Is isotropy the same as spherical symmetry?
To which you might be tempted to reply: ‘Who ever thought it was?’ Well, I don’t know for sure, but I’ve developed a suspicion that such a misconception may underpin the belief that it is necessary to specify that turbulence is homogeneous as well as isotropic. When I began my career it was widely understood that specifying isotropy was sufficient, as it was generally realised that homogeneity was a necessary condition for isotropy. A statement to this effect could (and can) be found on page 3 of Batchelor’s famous monograph on the subject .
I have posted previously on this topic (my second post, actually, on 12 February 2020) and conceded that the acronym HIT, standing of course for ‘homogeneous, isotropic turbulence’, has its attractions. For a start, it’s the shortest possible way of telling people that you are concerned with isotropic turbulence. I’ve used it myself and will probably continue to do so. So I don’t see anything wrong with using it, as such. The problem arises, I think, when some people think that you must use it. In other words, such people apparently believe that there is an inhomogeneous form of isotropic turbulence.
When you think about it that is really quite worrying. I’m not particularly happy about someone, whose understanding is so limited, refereeing one of my papers. Although, to be honest, that could well explain some of the more bizarre referees’ reports over the years! Anyway, let’s examine the idea that there may be some confusion between isotropy and spherical symmetry.
Isotropy just means that a property is independent of orientation. Spherical symmetry sounds quite similar and is probably the more frequently encountered concept for most of us (at least during our formal education). Essentially it means that, relative to some fixed point, a field only varies with distance from the point but not with angle. A familiar example would be a point electric charge in free space. So we might be tempted to visualise isotropy as a form of spherical symmetry, the common element being the independence of orientation.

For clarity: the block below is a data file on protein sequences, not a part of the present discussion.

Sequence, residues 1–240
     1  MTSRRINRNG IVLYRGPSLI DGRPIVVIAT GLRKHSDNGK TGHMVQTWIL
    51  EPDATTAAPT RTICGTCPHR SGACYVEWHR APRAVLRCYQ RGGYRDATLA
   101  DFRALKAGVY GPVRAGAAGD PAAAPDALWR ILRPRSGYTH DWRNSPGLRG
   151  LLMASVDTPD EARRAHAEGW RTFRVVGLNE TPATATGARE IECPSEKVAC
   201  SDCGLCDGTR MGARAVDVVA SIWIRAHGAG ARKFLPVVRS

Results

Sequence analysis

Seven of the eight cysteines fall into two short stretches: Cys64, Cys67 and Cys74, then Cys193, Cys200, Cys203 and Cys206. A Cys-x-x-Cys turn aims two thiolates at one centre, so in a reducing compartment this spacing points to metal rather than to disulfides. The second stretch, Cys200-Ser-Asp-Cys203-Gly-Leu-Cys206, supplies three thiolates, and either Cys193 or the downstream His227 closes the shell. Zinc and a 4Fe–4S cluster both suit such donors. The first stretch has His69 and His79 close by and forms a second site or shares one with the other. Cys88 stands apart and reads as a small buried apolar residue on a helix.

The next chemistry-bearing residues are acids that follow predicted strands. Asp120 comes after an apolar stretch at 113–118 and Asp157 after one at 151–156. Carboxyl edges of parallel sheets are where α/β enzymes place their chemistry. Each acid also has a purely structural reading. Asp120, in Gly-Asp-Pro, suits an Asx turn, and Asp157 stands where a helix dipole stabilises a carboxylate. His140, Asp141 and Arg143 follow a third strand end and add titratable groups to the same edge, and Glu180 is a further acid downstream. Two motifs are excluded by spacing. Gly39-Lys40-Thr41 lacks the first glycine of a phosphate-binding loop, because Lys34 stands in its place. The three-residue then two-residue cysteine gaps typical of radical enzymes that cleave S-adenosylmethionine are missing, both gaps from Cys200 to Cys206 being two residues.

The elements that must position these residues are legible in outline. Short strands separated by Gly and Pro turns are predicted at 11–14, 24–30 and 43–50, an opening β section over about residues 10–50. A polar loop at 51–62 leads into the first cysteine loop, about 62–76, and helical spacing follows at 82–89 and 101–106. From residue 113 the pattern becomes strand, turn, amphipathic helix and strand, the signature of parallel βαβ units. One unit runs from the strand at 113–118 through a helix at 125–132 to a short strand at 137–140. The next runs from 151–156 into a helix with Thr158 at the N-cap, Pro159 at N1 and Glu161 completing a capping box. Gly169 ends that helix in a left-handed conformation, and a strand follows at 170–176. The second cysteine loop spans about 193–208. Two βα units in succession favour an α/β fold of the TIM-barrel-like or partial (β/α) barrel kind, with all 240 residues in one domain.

The problem with doing this, is that the property of isotropy of a medium must apply to any point within it. Whereas, spherical symmetry depends on the existence of a special point which may be taken as the origin of coordinates. But the existence of such a special point would violate spatial homogeneity. So for isotropy to be true, we must have spatial uniformity or homogeneity. I think that one can infer this mathematically from the fact that the only isotropic tensors are (subject to a scalar multiplier) the Kronecker delta and the Levi-Civita density . So any isotropic tensor must have components that are independent of the coordinates of the system.
For this point applied to the cosmos, i.e. homogeneity is a necessary (but not sufficient) condition for isotropy, see Figure 2 on page 24 of . It seems to be easier to visualise these matters in terms of the night sky which is a fairly (if, illusory) static-looking entity. But when we add in a continuum structure and random variations on many length scales, it can be more difficult. We will come back to this particular problem in my next post.
 G. K. Batchelor. The theory of homogeneous turbulence. Cambridge University Press, Cambridge, 2nd edition, 1971.
 Steven Weinberg. The first three minutes: a modern view of the origin of the universe. Basic Books, NY, 1993.